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Why space has exactly three dimensions

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"THE ONLY way is up." An earnest student of our physical realities might find room to dispute this jollying phrase. There is also down, and, for that matter, left, right, forwards and backwards. Six ways to go. Then again, the further up you go, the less down you are, and similarly for left and right, forwards and backwards. So that's three independent directions to move in – gravity and local obstacles permitting.

It is a fact so bald that we rarely stop to ask an even balder question: why?

Physicists have wrestled with this perplexing question of space's essential three-ness for a good while now – not, it must be said, with much success. Our best theories of nature supply no clue as to why space might have three dimensions, rather than two, four or 5.2. Even worse, the drive for ever-grander replacements keeps finding hints that the magic ...

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1. Why not? You either gotta stop somewhere (so 3 is a nice selection, imo), or accept that we can only physically engage with the 3 we know, out of a potentially infinite number..

and, as the article sort-of elaborates:

2. Einstein would suggest, if indirectly, that it's not just 3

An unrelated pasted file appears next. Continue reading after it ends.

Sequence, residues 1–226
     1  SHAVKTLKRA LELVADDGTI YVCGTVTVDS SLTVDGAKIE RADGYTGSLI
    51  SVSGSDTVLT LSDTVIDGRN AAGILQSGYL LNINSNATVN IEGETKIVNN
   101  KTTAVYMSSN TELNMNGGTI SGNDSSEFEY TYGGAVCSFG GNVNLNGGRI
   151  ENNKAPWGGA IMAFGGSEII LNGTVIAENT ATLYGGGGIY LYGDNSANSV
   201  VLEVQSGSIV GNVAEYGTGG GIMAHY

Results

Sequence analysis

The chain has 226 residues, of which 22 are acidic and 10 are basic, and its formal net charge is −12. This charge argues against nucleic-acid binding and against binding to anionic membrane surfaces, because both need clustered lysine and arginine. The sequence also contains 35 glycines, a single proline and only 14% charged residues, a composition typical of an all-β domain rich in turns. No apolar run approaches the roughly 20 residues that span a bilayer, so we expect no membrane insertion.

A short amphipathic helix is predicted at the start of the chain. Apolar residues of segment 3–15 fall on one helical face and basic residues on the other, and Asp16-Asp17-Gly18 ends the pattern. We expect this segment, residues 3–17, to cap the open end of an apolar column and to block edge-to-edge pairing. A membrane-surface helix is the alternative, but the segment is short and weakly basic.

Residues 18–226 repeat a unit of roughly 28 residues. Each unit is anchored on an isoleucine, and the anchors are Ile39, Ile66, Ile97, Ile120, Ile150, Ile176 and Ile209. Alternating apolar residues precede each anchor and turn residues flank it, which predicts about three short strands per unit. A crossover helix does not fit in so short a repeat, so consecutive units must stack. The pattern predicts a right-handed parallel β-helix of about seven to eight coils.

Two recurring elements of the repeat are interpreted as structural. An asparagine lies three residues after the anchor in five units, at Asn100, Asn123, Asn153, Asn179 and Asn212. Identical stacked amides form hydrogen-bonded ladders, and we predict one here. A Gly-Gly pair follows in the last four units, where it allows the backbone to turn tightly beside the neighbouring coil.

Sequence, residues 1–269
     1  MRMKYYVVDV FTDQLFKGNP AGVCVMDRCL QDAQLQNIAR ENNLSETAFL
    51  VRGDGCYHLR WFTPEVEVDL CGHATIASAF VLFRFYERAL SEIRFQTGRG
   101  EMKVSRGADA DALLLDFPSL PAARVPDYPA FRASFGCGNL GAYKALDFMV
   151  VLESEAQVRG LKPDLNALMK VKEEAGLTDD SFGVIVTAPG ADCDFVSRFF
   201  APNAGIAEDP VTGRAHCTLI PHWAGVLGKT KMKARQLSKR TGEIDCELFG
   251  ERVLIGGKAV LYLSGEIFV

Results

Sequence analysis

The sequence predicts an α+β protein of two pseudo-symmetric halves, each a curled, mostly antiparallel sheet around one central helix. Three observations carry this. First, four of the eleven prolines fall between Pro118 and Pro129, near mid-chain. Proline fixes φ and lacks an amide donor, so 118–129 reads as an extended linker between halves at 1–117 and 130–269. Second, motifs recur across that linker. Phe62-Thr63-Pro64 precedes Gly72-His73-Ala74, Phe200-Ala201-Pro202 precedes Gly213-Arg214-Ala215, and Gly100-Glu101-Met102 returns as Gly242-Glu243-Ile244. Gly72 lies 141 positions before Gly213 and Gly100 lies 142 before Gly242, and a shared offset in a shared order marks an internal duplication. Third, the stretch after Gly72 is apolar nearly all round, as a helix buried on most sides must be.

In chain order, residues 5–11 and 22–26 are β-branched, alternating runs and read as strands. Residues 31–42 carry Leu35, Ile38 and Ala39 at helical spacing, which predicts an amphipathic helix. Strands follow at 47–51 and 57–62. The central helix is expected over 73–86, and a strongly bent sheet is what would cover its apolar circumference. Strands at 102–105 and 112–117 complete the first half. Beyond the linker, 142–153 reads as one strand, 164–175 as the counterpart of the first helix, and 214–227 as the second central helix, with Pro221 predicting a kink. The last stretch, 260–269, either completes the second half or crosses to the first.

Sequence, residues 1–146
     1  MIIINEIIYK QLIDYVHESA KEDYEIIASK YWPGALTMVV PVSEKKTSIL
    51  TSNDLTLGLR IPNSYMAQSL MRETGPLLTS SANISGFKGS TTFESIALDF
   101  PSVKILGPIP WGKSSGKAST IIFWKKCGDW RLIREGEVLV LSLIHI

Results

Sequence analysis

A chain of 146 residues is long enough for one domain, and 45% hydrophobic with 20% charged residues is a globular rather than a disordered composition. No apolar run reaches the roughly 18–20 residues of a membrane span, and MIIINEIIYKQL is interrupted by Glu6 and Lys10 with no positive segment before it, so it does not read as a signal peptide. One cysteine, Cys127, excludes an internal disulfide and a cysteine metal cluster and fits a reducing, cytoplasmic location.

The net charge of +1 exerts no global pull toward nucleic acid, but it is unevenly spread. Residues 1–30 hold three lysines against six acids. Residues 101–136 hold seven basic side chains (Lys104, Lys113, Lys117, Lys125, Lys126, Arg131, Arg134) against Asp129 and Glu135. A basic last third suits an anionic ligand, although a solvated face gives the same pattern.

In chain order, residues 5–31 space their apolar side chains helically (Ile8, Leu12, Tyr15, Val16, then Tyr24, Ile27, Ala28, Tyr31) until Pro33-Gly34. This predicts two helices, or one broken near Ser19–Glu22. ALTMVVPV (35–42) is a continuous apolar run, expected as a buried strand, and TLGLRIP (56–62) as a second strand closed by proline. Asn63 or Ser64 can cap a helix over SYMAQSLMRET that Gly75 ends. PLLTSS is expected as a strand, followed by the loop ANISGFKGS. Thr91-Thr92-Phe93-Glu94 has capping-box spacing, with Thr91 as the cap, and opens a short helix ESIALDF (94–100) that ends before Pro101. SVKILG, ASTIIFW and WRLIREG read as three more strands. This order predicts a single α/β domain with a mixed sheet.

3. Many new cosmological hypotheses involve more dimensions...

You'll note I offer 3 answers. Spooky.


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I think the wiki has a nice diagram about the ``privileged character of 3+1 spacetime'' here.

Personally, theories involving higher dimensional space always annoy me.

Everybody acknowledges that the ``extra dimensions'' need to be tightly curled up so we can't see them, but I have yet to read an argument that I find convincing about why those particular extra dimensions are curled up - in a sense we are right back to the beginning just with a rephrased question: instead of ``why does space have exactly 3 dimensions?'' we are now asking ``why does space have exactly 3 non-compact dimensions?'' - not very much progress, in my opinion.

Extra dimensional theories (like Kaluza-Klein theory) may be mathematically elegant, but they have to jump through a lot of hoops; like ``why are these extra dimensions so compact that we only see the lowest order matter wave?''.

Any time you increase the number of spatial dimensions beyond 3 you have to immediately - and somewhat arbitrarily, it seems to me - impose some rules to make the Pauli exclusion principle continue to act as if there were only 3 spatial dimensions.

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3+1 is a piece of the puzzle that fits best with the rest of the pieces.

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